Faculty of Law, University of Oslo, Oslo, Norway
Do Legal Theories Influence Judicial Action?
Legal positivism is the explanation that is most often suggested to explain why judges contribute to the atrocities of authoritarian regimes. A reason for this is that this explanation accords with two basic facts of judicial behaviour. The first is the tendency judges have, as everyone else, to adhere to authority. Obedience to authority is one of the most important factors that explain why people agree to commit the most horrible offences when ordered to. The second is more particular to judges and has to do with the ideology of not getting involved in politics. Particularly in situations with great political conflicts, taking a stand on the decisions and measures of the leaders of the government is perceived by judges as political action. Therefore, these measures are not reviewed but taken as a basis for the interpretation and application of the law.
As we have seen, these two factors have little to do with positivism as a particular theory of law and less to do with particular legal methods. We are here dealing with explanations at different levels. Authority and avoidance of getting mixed up in politics are explanations at the psychological and ideological levels. Legal theory and methodology are at the normative level and at the level of justification. Do legal theories actually influence and explain judicial practice at all? Marc Osiel states in his study of judges in Argentina and Brazil that “there need not be any moment of ethical epiphany, no point at which one feels compelled—either internally or by circumstances—to identify with the rulers or against them”. The judges “may merely evince the disposition to exercise independent judgment in a profession where competent practice requires it”.1 Legal theories, in the opinion of Osiel, rarely impel the judge to resistance. They merely provide him with alternative rhetorical forms that the judge can apply in support or in opposition to a regime.2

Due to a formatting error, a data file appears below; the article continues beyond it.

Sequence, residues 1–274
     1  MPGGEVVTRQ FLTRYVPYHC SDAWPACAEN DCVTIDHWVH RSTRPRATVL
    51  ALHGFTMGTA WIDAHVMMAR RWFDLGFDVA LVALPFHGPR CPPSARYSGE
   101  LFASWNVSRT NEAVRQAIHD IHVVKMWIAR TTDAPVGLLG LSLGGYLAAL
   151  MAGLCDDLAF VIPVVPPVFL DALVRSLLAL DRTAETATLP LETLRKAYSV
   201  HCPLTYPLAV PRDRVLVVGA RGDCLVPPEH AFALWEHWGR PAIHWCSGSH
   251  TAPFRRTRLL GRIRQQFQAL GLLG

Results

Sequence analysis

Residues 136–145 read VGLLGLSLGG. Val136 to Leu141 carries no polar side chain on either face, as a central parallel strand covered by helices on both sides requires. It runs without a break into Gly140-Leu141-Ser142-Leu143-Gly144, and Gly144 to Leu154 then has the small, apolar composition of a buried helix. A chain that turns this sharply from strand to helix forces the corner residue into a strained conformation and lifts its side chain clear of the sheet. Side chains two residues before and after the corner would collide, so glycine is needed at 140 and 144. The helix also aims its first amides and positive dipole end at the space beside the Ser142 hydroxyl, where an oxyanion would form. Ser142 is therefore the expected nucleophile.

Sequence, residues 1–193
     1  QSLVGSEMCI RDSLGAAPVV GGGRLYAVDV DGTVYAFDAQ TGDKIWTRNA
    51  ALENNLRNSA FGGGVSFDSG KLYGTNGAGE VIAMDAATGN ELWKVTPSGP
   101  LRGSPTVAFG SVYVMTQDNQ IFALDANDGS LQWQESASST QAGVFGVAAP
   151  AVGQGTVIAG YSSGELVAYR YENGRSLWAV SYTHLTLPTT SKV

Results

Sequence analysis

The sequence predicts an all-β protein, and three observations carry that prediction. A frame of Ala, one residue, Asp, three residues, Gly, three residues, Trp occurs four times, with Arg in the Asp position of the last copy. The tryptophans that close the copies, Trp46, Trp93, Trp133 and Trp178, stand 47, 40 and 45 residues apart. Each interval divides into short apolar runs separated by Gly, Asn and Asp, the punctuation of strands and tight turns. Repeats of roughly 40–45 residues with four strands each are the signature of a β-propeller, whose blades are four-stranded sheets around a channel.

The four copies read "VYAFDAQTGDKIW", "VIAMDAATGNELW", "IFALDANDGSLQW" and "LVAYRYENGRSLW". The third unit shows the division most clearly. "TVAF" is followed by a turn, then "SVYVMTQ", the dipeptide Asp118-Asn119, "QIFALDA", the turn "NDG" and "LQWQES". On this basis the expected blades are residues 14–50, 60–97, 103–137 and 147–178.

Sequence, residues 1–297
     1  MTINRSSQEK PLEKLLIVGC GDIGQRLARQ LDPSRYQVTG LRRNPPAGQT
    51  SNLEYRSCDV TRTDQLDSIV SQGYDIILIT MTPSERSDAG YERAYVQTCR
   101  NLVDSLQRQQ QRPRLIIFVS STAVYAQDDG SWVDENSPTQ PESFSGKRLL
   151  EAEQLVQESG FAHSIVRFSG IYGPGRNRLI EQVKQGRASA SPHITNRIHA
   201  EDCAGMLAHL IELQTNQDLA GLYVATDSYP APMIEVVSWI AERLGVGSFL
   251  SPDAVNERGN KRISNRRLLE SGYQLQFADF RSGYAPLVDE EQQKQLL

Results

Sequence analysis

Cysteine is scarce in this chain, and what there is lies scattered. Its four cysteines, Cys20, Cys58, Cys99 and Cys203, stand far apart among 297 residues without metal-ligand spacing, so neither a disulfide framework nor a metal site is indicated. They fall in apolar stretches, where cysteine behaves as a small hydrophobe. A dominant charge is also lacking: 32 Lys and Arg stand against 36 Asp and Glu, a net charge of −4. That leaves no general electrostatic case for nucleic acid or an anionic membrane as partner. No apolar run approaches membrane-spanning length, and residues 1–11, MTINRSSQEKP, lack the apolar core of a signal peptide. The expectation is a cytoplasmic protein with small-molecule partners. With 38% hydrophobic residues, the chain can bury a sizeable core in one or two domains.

A similar conclusion is drawn by Bernd Rüthers in his thorough study of German private law in the Nazi years. Substantial parts of the judicial practice during the Nazi period are impeccable from the point of view of the legal methodology employed. For this reason, the search for a legal methodology that might protect the legal order from being misused for authoritarian purposes is bound to fail.3 In his opinion, “a legal theory that is reduced to questions of methodology and social engineering is like a navigator who commands excellent instruments and methods of calculation, but lacks trustworthy points to navigate from such as stars, lighthouses and radio beacons”.4
Vivian Grosswald Curran observes that German and French lawyers came to similar results regarding the reinterpretation of the law to accommodate the racial category of Jewishness, despite divergent and even contradictory interpretative methods. Where the German judges used the established method of reasoning with general clauses, the French, in contrast, used their established method of avoiding reference to general legal principles. “Natural law and principles of equity, like all other legal principles and perspectives, will be colored and defined so differently at individual moments of history, that it is not they, but, rather, the values of the individual and institutional legal actors that will determine whether law is a force for or against humanity at any given moment in history”.5